First, you have to realize that there are at least 10 times as many microbial cells living in and on you than there are human cells making up your body. That means you are basically a microbial community with some human contamination.
Second, we have long known that certain microbes cause diseases, like Vibrio cholerae causes cholera and Plasmodium falciparum causes malaria. We also know that many microbes are beneficial. This beneficialness is described as being shield. If the "good" microbes are there, the "bad" microbes cannot colonize us easily. However, these microbes play important roles in providing nutrients we have trouble getting otherwise, like vitamin K. They also help regulate our immune system, which must combat pathogens, but not combat all the "normal" microbial flora. When the immune system goes after norma flora bad things can happen, for example chronic mucataneous candidiasis (pictured to the right, from Doctor Fungus).
What we are now learning is that it appears that the microbiota can have significant impacts on human health beyond these more clear cut examples. The link between certain microbes (and I would be remiss not to include viruses here) and cancer is well established. It is also beginning to look like your gut microbiota can affect your chances on pulmonary infections and may affect allergic diseases.
Your microbiota is so important that the suggestion has been made that your microbiota should be considered an organ system. Now the research focus of this post is colitis, an inflammatory disease of the large intestine caused by Clostridium difficile. C. difficile is easily detected in ~10% of the population, which means low level colonization is probably much higher, but few individuals come down with symptomatic colitis. In patients suffering severe colitis, the gut microbiota is completely abnormal. (To be clear there is not a specific gut microbiota that is considered normal, but a range of specific species and numbers of each organism that we are beginning to assess as normal. Kind of like height, people come in a variety of heights and we have a mean and median, but there is no specific normal height.) So Dr. Khoruts and colleagues took a stool sample from "normal" individuals (family members) and transplanted it into the colitis patient. Of 15 patients treated, 13 were cured almost immediately. Also, when analyzed well afterwards the cured patients had a microbiota back in the normal range!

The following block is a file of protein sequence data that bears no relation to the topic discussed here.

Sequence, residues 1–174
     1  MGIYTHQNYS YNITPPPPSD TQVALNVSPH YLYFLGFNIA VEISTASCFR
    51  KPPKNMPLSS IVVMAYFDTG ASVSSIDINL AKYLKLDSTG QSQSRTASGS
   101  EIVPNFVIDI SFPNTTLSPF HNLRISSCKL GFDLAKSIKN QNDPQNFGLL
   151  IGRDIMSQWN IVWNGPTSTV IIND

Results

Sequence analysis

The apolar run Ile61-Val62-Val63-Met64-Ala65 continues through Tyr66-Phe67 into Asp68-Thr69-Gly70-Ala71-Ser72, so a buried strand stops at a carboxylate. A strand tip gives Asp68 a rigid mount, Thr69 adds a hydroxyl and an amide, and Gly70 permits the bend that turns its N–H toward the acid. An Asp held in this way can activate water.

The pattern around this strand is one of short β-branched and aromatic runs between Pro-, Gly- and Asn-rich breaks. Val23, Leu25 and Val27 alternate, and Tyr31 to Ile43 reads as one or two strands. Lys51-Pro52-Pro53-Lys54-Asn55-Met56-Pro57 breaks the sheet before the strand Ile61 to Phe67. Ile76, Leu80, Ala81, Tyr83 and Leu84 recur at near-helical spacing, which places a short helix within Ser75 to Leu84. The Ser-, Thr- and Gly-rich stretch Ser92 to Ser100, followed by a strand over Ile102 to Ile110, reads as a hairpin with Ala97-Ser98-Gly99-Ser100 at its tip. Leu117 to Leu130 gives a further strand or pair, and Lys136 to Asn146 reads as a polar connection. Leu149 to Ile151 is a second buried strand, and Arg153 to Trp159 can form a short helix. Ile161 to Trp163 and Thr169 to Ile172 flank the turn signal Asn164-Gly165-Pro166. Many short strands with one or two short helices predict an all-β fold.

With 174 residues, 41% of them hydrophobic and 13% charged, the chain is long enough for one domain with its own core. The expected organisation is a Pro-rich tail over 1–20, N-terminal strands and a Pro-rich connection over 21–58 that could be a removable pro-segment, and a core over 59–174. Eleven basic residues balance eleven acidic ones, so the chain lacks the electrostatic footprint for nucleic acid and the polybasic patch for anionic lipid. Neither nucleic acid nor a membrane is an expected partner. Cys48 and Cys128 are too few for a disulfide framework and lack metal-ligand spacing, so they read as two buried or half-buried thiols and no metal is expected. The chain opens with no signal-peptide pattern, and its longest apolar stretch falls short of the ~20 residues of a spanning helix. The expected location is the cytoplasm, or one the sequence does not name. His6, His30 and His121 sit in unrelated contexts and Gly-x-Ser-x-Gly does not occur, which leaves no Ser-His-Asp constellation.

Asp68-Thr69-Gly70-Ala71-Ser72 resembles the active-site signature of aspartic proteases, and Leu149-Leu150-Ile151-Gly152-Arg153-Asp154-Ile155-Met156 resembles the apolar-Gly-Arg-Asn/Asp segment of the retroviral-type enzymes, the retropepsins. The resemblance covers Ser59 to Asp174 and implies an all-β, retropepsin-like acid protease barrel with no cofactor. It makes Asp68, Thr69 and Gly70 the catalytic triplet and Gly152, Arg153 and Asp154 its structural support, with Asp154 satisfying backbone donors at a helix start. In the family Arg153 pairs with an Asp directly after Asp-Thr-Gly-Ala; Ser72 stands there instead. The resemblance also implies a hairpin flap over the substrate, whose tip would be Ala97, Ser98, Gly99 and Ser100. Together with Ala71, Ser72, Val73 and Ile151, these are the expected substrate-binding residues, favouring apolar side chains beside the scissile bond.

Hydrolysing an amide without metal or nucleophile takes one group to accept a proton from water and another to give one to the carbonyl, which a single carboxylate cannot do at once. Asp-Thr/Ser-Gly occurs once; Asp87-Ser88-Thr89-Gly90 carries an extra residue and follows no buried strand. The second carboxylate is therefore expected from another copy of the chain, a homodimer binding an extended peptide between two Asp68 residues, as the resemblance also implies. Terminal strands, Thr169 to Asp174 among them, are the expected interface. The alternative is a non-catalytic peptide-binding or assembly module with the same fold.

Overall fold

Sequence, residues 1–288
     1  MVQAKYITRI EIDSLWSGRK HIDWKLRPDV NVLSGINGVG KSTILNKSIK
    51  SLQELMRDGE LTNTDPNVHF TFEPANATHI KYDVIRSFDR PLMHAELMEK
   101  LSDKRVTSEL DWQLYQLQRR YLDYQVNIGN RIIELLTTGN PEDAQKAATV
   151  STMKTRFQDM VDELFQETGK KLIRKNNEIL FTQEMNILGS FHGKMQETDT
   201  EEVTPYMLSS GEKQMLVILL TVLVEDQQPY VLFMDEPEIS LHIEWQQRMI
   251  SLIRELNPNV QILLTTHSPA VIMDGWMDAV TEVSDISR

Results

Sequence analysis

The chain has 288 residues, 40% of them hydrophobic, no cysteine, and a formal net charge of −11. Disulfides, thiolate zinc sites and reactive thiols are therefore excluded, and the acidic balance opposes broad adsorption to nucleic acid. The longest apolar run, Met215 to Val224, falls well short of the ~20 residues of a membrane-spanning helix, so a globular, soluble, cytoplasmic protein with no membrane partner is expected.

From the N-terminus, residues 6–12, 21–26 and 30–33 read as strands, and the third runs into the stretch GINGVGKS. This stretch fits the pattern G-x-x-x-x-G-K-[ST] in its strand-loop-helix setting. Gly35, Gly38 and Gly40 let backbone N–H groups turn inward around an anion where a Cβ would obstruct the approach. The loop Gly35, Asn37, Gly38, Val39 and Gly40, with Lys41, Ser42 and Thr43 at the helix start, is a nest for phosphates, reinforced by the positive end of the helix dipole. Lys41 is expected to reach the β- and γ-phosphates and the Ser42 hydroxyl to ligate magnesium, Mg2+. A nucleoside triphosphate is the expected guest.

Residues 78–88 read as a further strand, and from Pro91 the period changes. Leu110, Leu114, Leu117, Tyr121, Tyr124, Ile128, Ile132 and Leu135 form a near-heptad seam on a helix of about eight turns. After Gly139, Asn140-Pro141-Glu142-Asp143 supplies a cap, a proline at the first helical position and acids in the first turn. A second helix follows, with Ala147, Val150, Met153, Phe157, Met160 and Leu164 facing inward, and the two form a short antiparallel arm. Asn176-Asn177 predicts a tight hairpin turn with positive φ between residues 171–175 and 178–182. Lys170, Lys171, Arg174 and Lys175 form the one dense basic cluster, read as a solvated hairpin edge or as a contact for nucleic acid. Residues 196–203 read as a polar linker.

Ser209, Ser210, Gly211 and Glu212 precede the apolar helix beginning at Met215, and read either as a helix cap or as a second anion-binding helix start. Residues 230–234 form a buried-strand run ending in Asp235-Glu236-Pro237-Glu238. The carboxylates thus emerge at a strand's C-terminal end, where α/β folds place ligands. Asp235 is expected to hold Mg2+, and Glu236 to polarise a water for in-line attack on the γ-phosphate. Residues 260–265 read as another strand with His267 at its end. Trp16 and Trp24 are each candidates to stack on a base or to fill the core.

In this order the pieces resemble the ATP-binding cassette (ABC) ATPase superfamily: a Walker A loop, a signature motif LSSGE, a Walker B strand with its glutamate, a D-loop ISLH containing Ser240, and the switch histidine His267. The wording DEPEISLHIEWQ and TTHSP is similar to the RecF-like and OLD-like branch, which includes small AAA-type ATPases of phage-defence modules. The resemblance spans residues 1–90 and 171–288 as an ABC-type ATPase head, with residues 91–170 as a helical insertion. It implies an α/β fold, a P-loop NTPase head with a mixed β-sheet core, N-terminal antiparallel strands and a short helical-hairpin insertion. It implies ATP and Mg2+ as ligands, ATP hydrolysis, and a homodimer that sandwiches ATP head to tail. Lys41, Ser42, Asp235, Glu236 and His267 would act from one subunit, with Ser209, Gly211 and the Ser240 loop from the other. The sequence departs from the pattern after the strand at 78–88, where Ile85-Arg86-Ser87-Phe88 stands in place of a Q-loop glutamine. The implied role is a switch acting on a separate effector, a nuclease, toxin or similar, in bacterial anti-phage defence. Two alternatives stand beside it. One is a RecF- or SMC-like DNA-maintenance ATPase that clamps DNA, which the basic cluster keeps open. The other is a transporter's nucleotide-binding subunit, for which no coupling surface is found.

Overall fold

I cannot overemphasize how incredibly cool all this is. Gross? Yes. Totally awesome? Definitely.
I think these research results lead to some interesting follow up questions. For example, if we consider C. difficile exists in people at a low level normally, what leads to overgrowth and/or colitis? Are there specific competing microbes that keep C. difficile in check? This question is important because it could demonstrate an underlying mechanism of health. If you have organisms X, Y, and Z, then you need to have organisms A, B or C, and D or E to be healthy.
The microbiota and allergies/asthma. Huffnagle GB.PLoS Pathog. 2010 May 27;6(5):e100054
Changes in the composition of the human fecal microbiome after bacteriotherapy for recurrent Clostridium difficile-associated diarrhea. Khoruts A, Dicksved J, Jansson JK, Sadowsky MJ. J Clin Gastroenterol. 2010 May-Jun;44(5):354-60.
Conceptualizing human microbiota: from multicelled organ to ecological community. Foxman B, Goldberg D, Murdock C, Xi C, Gilsdorf JR. Interdiscip Perspect Infect Dis. 2008;2008:613979.